MK. Mark Serov. An unusual experiment: A cosmonaut gave an interview right from a bath-tub

April 18, 2018

Some people believe that lying around for days on end, being fed and given to drink, while they pay you a salary for this, is the very definition of happiness. But dont be too quick to jump to conclusions. It is only to a casual observer that the dry immersion experiment currently run at the Institute for Biomedical Problems of the Russian Academy of Sciences seems to consist in this. Ten people, one after another, are immersed in a bath-tub for five days (although they are separated from the liquid by an impermeable membrane). The objective is to recreate zero gravity conditions while staying on the ground, and check the response of the muscles and bones, cardiovascular, respiratory, nervous and other systems of a human being. On Tuesday ended a 5-day flight of one of the volunteers tester Mark Serov. A reporter from MK who visited the lab yesterday, learned from the source if it was really so easy to subject oneself to the voluntary planned helplessness.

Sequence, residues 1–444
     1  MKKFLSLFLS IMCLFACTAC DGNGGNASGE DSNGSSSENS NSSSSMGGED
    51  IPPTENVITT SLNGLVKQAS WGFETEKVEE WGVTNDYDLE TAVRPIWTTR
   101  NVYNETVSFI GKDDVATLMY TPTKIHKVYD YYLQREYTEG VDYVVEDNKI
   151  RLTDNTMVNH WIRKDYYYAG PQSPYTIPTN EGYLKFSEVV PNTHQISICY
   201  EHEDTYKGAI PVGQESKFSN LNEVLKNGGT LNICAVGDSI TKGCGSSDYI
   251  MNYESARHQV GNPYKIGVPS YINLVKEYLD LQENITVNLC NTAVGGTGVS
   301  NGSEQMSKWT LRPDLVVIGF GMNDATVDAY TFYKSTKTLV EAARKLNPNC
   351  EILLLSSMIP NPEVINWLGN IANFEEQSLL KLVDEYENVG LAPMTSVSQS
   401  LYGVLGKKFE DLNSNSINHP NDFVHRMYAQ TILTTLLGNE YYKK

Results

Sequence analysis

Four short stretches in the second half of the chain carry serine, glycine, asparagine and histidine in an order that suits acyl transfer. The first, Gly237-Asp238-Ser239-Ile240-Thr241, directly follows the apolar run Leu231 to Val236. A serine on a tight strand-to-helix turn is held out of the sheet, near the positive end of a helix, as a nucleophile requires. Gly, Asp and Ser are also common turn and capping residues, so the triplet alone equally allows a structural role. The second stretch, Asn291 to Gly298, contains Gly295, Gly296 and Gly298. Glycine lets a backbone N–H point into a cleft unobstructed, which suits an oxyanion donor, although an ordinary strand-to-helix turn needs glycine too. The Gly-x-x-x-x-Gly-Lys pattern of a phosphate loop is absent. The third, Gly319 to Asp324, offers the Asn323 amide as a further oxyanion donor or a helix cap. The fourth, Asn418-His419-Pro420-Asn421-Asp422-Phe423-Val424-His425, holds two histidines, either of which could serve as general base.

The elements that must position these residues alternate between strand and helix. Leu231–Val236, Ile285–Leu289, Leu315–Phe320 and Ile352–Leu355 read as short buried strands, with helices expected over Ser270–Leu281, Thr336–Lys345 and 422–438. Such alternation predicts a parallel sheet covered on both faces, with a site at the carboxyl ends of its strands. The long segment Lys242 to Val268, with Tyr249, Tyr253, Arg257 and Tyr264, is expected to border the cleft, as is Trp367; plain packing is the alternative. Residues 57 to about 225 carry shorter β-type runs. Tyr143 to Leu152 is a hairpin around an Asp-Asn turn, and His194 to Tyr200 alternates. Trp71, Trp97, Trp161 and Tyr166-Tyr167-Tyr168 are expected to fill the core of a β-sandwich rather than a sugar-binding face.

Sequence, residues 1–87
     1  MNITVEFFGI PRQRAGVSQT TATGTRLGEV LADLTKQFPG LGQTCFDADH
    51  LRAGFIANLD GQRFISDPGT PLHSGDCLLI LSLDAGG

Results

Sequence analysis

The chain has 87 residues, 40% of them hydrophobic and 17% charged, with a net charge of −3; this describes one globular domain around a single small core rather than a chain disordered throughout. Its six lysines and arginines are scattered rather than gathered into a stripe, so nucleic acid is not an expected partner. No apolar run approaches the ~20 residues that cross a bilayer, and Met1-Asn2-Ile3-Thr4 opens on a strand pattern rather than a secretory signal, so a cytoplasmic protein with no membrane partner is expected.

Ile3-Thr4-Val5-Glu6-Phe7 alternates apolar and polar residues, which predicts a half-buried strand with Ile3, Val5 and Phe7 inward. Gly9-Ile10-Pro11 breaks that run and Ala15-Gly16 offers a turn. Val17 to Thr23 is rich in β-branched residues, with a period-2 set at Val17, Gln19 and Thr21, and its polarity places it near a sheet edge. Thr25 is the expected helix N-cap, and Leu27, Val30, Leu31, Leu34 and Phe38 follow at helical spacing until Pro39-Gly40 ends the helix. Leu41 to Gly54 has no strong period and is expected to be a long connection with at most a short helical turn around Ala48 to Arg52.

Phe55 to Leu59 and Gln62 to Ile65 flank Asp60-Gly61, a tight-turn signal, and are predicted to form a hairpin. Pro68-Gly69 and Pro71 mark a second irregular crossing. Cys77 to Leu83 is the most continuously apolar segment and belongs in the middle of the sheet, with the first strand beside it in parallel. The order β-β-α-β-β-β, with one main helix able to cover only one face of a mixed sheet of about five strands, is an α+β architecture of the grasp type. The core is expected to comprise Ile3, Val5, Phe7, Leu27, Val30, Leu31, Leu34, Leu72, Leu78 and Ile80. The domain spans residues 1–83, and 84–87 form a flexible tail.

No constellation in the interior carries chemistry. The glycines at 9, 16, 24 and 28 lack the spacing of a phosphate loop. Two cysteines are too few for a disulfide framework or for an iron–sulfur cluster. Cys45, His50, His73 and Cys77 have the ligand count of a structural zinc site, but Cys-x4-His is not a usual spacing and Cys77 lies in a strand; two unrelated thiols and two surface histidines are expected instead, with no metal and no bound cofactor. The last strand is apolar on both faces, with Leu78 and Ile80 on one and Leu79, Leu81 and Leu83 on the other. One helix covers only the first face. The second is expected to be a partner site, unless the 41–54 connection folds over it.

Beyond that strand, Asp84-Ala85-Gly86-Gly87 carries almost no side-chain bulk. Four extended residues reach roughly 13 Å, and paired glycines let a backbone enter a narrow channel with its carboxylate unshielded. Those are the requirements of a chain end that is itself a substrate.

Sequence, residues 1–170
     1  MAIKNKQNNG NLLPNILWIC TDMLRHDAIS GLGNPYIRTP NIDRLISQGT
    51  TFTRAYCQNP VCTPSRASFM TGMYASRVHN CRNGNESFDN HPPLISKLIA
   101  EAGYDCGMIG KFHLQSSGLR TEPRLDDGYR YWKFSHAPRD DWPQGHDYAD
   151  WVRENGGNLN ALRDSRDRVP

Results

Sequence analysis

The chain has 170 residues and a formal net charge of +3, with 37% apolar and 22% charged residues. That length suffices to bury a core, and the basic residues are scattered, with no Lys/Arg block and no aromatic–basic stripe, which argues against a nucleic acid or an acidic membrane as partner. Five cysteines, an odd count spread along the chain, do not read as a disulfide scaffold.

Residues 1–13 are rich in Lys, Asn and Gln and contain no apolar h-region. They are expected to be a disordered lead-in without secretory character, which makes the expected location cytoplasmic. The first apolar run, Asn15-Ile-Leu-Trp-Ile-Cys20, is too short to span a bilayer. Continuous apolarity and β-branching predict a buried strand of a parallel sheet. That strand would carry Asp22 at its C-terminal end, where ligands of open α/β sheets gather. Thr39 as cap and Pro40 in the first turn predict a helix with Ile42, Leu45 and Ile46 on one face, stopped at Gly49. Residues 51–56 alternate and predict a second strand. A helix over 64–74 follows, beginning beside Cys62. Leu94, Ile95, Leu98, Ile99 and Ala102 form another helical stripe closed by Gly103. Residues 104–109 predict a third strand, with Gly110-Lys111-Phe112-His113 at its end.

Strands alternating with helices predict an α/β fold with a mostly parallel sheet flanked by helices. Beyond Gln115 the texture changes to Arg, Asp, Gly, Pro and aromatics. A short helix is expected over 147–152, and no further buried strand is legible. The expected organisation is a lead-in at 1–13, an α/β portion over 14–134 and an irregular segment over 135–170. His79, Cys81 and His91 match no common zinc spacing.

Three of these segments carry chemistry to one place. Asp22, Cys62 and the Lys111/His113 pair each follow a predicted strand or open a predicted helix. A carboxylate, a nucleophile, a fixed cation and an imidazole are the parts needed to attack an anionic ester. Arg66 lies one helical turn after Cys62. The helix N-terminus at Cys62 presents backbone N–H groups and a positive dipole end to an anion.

A warning is posted at the doorway to the 'bath room', or, rather, the dry immersion lab: No entry with virus diseases! The testers resting in zero-g are very susceptible to all kinds of germs.

They put on me a robe, shoe covers and let me in. Here they are these devices: lying in they are testers wrapped in membranes. On the surface are the head and hands clasping mobile phones. Water is bubbling under the membrane, the temperature, to the touch (through the membrane) seems pretty comfortable.

- It is now 32 degrees centigrade, - comments Mark. - However, for the night, I ask them to make it two degrees warmer.

- I wonder why you dont sink, the membrane is not taut, and you are virtually submerged?